In the second volume from Trollope's series of six `Palliser' novels, we probe deep into the life of British politics. The story is told from the standpoint of a young Irish MP whose private and public affairs become entangled. Trollope's genius for making such matters exciting is displayed in full as he explores Phineas's political ambitions, his romantic attachments and the steep learning curve he has to climb in both.
As usual in these novels, there is a large cast of delightful supporting characters, enlivened further by the author's rich sense of their comic possibilities. This talent for detail is combined with a magisterial overview which lifts the book above parochial politics, making it of interest to any reader interested in the study of personality and action.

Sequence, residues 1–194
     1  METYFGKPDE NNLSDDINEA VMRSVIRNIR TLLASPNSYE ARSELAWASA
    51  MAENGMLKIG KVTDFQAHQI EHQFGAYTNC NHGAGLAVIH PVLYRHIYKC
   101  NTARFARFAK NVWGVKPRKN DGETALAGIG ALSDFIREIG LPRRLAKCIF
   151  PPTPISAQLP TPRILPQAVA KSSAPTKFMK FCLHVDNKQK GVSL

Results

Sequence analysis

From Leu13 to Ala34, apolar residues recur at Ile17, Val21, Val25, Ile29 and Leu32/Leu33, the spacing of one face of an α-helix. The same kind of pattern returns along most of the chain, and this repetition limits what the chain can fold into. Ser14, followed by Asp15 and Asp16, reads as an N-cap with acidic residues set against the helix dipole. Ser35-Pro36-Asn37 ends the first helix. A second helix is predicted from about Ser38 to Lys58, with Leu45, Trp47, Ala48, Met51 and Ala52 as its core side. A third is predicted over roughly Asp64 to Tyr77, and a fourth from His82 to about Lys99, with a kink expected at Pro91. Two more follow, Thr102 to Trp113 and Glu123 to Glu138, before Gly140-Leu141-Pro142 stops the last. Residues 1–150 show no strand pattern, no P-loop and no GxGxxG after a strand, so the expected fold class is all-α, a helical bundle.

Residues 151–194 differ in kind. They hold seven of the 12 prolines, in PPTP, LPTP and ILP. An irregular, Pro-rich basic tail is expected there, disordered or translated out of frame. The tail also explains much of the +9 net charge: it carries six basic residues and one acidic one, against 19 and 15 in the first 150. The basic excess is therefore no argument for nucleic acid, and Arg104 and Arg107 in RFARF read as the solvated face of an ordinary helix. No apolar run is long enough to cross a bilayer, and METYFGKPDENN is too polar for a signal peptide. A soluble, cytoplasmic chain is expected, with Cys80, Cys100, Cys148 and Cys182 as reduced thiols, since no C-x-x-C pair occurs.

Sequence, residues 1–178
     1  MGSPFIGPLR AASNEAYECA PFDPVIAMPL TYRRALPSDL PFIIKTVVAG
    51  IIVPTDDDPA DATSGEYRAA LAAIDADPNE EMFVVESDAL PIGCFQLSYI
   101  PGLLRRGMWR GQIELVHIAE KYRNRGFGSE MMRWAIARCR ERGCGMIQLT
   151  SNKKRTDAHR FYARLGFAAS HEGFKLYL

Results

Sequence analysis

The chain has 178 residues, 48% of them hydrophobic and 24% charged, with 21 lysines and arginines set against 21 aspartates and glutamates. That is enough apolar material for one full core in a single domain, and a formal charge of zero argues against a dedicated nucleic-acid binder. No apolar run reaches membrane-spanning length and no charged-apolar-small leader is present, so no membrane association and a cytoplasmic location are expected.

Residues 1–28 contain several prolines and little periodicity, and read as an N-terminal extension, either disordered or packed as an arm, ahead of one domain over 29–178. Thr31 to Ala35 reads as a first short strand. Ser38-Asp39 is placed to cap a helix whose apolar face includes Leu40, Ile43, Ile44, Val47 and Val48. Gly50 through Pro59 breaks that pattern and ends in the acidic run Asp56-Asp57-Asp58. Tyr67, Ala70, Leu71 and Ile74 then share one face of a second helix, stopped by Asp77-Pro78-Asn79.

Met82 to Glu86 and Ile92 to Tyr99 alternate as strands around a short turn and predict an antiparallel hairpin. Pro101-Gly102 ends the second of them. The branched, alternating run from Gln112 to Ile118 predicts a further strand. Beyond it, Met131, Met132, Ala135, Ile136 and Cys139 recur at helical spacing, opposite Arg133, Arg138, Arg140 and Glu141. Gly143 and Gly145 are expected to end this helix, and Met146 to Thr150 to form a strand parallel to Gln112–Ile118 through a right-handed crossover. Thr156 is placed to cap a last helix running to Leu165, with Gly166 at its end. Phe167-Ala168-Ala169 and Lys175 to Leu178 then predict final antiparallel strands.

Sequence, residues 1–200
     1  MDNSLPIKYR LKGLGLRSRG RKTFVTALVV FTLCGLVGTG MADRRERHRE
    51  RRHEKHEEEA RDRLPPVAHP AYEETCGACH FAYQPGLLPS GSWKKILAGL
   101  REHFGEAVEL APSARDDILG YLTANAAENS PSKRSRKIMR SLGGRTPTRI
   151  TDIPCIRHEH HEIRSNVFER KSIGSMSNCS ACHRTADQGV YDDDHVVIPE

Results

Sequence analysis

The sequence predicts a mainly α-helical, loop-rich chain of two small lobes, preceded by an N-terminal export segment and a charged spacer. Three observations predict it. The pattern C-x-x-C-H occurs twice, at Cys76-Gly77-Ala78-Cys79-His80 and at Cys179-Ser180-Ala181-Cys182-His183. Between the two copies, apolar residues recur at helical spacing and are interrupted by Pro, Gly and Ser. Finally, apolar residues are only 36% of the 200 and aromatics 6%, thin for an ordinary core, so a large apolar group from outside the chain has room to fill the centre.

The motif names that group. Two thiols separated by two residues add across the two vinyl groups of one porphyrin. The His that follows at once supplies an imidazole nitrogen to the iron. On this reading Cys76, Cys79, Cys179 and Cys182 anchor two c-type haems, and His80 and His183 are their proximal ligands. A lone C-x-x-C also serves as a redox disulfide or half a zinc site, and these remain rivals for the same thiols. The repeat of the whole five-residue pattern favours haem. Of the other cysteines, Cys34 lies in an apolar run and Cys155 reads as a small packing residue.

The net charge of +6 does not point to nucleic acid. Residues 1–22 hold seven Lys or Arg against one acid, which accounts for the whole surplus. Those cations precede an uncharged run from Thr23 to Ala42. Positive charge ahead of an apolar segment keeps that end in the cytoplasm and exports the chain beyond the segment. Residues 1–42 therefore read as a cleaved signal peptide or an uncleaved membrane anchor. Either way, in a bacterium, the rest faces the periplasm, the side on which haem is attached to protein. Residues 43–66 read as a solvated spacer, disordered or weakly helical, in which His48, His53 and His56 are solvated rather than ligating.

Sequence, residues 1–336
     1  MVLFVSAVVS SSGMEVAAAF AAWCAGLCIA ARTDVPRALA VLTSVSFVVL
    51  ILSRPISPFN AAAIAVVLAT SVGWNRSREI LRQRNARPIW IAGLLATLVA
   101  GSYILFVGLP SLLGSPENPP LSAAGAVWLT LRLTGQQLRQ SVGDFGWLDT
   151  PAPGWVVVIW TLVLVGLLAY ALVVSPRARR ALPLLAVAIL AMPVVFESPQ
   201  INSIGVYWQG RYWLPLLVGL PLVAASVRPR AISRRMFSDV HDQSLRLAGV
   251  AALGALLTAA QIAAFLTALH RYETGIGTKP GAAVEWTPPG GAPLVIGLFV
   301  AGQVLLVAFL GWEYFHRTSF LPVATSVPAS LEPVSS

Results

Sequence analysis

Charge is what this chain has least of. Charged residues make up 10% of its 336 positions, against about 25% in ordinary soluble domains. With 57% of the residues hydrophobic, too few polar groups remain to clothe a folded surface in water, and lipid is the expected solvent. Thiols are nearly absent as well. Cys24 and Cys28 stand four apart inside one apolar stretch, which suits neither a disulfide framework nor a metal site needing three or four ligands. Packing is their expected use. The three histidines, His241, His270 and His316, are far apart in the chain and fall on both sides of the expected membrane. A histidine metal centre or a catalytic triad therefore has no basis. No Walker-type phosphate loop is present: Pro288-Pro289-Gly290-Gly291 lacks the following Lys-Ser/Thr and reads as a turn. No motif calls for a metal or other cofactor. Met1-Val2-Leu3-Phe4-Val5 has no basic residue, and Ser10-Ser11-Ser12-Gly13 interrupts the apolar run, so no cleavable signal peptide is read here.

Anthony Trollope was born on 24 April 1815 and attended both Harrow and Winchester schools. His family were poor and eventually were forced to move to Belgium, where his father died. His mother, Frances Trollope, supported the family through writing. Trollope began a life-long career in the civil service with a position as a clerk in the General Post Office in London - he is also credited with later introducing the pillar box. He published his first novel, The Macdermots of Ballycloran in 1847, but his fourth novel, The Warden (1855) began the series of 'Barsetshire' novels for which he was to become best known. This series of five novels featuring interconnecting characters spanned twenty years of Trollope's career as a novelist, as did the 'Palliser' series. He wrong over 47 novels in total, as well as short stories, biographies, travel books and his own autobiography, which was published posthumously in 1883. Trollope resigned from the Post Office in 1867 and stood for Parliament as a Liberal, though he was not elected. He died on 6 December 1882.